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Action of Heat on Metal Compounds:

Applying heat to a metal compound such as potassium nitrate will cause it to decompose into potassium nitrite and
oxygen. This is a thermal decomposition reaction.
Anion:

Metal:

Nitrate (NO3)

Carbonate (CO3)

Hydroxide (OH)

Potassium
Sodium

Metal Nitrate Metal nitrite +


Oxygen

Calcium
Magnesium
Aluminum
Zinc
Iron
Lead
Copper

Metal Nitrate Metal oxide +


Nitrogen dioxide + Oxygen

Metal Carbonate Metal oxide +


Carbon dioxide

Metal hydroxide Metal


oxide + Hydrogen

Silver
Gold

Metal Nitrate Metal + Nitrogen


dioxide + Oxygen

Metal Carbonate Metal +


Carbon dioxide + Oxygen

NO DECOMPOSITION

Silver and gold hydroxides do not exist.


Ions of more reactive metals tend to hold on tightly to their anions and do not decompose easily this is why lots of
heat is needed.

Extracting Metals From Their Ores:


Most metals do not exist in nature as pure elements. Instead, they are found as naturally occurring compounds
called ores. Ores are naturally occurring minerals from which a metal can be extracted. Most ores are metals oxide,
carbonate or sulfide mixed with other impurities. The extraction of metal from ores begun long ago when people
started purifying iron from its iron oxide ore by reducing it using charcoal. This was possible because carbon is more
reactive than iron so it can reduce it take the oxygen ion from it. But then other metals were discovered which were
higher than carbon in the reactivity series. Those metals were not possibly extracted from their ores until in the 19th
century when a method of extracting them by electrolysis was invented. The method extracting a metal depends on
its reactivity.
Metals - in decreasing order of reactivity
potassium
sodium
calcium
magnesium
aluminium

Reactivity

Extract by electrolysis

carbon
zinc
iron
tin
lead

Extract by reaction with carbon or carbon monoxide

hydrogen
copper
silver
gold
platinum

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Extracted by various chemical reactions

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Extraction of Aluminum:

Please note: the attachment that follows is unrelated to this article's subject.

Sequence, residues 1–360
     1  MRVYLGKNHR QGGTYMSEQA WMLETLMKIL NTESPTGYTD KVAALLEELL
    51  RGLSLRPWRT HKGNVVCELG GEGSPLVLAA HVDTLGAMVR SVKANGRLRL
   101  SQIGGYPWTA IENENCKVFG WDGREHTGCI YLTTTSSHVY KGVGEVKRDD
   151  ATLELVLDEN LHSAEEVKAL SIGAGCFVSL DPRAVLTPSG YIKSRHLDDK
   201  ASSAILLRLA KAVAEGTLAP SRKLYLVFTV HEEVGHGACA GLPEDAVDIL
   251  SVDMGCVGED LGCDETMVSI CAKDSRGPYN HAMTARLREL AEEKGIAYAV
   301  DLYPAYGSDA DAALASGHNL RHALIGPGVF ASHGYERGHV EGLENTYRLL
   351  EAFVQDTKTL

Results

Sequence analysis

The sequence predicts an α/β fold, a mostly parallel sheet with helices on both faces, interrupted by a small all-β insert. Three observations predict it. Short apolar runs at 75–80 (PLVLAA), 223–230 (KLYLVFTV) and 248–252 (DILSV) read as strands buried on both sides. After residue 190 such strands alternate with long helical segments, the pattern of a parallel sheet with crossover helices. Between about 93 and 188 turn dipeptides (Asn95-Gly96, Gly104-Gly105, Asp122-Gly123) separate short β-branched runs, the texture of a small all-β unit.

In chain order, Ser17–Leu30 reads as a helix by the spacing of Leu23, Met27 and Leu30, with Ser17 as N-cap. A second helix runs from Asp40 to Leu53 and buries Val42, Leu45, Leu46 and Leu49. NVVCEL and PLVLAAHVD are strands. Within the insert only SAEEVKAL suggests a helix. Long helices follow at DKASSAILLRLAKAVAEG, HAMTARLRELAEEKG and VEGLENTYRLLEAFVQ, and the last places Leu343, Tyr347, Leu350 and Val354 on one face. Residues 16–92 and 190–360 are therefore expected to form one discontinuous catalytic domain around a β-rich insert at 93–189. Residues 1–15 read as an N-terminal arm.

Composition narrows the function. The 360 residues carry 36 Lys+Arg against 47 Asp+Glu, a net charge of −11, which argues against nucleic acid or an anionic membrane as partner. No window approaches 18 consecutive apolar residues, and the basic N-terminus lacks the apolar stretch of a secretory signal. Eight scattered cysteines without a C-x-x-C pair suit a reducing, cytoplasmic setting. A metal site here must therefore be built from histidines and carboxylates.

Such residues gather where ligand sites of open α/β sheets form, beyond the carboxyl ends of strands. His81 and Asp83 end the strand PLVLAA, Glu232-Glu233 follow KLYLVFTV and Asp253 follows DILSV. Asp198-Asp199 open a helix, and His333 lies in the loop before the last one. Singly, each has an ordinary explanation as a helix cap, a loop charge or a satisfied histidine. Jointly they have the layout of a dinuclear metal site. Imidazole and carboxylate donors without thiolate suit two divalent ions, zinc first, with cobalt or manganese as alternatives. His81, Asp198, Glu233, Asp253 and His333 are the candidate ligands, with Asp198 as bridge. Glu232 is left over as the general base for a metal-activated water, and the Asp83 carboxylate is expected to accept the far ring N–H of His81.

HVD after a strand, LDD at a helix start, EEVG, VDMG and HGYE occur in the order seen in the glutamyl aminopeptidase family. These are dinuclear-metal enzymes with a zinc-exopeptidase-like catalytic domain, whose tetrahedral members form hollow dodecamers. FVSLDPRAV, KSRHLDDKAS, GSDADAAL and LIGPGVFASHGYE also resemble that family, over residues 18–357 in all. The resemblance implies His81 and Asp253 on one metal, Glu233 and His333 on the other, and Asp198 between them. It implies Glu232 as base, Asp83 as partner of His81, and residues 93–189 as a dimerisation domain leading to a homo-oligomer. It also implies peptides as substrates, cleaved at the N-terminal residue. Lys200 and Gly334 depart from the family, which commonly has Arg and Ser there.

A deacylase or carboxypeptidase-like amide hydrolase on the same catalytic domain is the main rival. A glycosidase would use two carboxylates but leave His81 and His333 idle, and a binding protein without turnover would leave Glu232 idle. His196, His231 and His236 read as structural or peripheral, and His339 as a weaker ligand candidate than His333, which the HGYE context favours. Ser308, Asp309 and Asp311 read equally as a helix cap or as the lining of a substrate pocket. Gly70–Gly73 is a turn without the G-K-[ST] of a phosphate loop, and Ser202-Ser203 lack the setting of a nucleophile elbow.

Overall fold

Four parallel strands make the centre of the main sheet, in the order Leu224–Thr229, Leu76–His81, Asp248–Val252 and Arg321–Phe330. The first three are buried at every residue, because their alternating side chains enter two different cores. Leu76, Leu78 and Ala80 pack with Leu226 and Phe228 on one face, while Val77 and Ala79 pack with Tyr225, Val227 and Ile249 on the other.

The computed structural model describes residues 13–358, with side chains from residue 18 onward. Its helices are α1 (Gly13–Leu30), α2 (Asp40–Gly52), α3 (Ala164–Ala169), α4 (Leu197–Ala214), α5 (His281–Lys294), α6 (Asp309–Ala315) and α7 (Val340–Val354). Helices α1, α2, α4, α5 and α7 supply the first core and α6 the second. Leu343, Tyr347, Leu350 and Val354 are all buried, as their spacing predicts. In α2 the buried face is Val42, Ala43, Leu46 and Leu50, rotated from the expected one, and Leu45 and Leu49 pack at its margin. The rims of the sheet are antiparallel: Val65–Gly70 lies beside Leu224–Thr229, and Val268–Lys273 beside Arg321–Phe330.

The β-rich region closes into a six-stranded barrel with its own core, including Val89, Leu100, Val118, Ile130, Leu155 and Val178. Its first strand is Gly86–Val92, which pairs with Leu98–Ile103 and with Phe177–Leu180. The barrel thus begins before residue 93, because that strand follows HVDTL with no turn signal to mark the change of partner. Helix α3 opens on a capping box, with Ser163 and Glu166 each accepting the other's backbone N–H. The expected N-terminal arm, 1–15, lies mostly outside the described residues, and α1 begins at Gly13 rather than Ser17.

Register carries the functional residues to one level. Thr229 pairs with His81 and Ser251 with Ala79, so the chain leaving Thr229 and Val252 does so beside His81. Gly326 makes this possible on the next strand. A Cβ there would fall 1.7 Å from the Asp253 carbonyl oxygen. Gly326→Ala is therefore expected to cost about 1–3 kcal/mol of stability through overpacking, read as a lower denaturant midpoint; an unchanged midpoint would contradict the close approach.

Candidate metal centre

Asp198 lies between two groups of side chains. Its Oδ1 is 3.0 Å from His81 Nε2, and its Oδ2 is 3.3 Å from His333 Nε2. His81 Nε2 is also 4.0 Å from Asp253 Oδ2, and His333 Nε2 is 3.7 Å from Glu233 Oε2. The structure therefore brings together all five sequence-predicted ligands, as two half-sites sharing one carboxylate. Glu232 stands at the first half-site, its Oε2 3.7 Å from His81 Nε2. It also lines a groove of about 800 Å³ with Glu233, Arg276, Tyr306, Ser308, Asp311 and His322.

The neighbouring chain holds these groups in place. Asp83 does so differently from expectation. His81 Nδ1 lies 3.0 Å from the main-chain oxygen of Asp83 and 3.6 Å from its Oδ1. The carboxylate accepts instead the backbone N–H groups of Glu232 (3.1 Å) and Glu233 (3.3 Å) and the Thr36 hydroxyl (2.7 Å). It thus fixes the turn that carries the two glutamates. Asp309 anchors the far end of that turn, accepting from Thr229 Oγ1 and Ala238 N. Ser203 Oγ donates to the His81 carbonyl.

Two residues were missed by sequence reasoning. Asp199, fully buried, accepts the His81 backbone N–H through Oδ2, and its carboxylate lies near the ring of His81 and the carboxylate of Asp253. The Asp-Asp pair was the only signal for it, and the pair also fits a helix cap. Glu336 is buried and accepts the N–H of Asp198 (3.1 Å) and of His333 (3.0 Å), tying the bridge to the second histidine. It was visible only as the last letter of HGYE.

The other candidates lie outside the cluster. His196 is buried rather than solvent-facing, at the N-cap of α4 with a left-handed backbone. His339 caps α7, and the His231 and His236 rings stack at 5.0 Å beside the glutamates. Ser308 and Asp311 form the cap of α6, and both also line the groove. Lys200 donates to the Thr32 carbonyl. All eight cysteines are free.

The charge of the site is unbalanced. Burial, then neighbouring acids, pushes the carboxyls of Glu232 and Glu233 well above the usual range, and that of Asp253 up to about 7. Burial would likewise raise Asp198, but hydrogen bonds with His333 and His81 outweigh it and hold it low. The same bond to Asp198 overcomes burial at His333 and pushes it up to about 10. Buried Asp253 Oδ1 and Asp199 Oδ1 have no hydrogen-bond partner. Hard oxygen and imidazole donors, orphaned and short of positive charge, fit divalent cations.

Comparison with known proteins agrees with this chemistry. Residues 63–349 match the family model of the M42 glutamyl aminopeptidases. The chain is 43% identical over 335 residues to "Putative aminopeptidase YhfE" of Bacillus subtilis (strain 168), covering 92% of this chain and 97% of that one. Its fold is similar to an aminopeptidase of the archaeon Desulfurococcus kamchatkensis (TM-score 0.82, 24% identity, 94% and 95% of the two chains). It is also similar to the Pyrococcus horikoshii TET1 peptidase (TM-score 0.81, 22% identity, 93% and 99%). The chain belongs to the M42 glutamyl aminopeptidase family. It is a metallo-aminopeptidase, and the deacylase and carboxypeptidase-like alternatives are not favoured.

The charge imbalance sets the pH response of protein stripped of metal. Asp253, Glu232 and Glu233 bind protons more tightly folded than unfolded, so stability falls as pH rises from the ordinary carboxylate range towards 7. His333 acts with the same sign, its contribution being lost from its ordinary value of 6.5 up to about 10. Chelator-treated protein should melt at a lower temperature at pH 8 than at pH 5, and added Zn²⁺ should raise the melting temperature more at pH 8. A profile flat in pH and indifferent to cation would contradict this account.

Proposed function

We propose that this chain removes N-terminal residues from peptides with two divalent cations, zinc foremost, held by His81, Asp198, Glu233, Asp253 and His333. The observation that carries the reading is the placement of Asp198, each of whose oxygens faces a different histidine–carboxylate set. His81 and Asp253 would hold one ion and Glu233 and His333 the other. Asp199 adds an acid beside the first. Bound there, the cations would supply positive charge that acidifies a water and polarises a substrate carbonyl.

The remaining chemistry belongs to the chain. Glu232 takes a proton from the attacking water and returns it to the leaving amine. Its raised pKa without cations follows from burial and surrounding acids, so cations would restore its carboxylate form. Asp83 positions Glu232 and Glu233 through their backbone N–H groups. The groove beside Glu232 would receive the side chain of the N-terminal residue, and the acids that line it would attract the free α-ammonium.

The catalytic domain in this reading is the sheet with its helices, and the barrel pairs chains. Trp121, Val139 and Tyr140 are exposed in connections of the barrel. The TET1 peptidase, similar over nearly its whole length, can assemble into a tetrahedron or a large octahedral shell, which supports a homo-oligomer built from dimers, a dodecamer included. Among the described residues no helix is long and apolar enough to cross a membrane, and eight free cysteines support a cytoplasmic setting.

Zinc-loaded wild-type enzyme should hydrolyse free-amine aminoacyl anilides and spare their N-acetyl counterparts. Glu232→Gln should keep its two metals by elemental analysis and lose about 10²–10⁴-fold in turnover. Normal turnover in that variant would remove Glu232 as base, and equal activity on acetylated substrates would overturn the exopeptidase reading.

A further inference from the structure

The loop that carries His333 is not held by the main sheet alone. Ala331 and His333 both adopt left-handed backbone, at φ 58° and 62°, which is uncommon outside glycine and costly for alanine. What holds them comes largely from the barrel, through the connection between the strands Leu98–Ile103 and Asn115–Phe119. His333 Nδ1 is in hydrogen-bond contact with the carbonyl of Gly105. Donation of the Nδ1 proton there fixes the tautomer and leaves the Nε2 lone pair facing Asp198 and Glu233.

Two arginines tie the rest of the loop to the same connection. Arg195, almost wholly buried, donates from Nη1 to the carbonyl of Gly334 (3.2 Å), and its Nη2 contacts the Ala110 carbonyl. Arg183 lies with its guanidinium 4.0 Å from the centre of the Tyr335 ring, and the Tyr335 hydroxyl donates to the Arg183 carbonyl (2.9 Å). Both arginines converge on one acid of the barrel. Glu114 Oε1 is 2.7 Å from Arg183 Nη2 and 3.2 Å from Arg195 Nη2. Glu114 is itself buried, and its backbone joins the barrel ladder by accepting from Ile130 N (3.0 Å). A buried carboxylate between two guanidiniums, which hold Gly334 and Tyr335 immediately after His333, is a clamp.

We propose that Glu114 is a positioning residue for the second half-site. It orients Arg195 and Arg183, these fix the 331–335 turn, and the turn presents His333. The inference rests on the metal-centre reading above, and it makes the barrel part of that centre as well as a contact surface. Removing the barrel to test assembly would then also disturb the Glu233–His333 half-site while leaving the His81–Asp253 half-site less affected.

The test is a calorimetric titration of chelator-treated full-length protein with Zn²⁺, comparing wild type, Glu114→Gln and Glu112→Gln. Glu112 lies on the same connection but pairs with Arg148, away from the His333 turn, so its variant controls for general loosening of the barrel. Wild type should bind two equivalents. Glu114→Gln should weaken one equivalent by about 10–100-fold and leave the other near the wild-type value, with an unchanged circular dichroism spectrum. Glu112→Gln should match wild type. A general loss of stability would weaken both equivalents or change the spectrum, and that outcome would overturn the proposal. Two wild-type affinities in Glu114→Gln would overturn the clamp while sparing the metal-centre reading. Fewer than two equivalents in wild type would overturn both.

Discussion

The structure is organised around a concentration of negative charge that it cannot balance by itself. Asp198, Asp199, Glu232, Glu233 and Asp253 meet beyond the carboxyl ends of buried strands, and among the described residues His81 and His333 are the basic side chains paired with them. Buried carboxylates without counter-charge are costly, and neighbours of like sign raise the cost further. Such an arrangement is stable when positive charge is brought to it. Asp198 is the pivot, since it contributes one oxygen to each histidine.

Aluminum exists naturally as aluminum oxide (alumina) in its ore, which is called bauxite. Because aluminum is a
very reactive metal, it holds on very tightly to the anion it bonds with, which is oxide in this case. This is why the best
way to extract and purify aluminum is by electrolysis in a cell like the one below.

In this cell, the electrodes are made of graphite (Carbon). The cathode is a layer at the bottom of the cell and the
anodes are bars dipped in the electrolyte. The electrolyte in this process is a molten mixture of aluminum oxide and
cryolite. Aluminum oxide by its self has a very high melting point of 2050oC which is higher than the melting point of
the steel container in which this process is done. That means the steel container will melt before the aluminum oxide.
This is why aluminum oxide is mixed with cryolite which decreases the melting point of it to under 1000oC, thus
saving a lot of money because heating is expensive and preventing the steel container from melting. Heat must be
continuously supplied to the mixture to keep it molten. Aluminum oxide does not conduct electricity when solid
because it does not have free mobile ions to carry the charge.
Aluminum oxide is purified from impurities of oxide by adding sodium hydroxide
Aluminum oxide is mixed with cryolite and put in the electrolysis cell
Heat is given in until the mixture becomes molten
Electrolysis start
Oxide ions get attracted to the anode and discharged (oxidation); 2O2-, 4e O2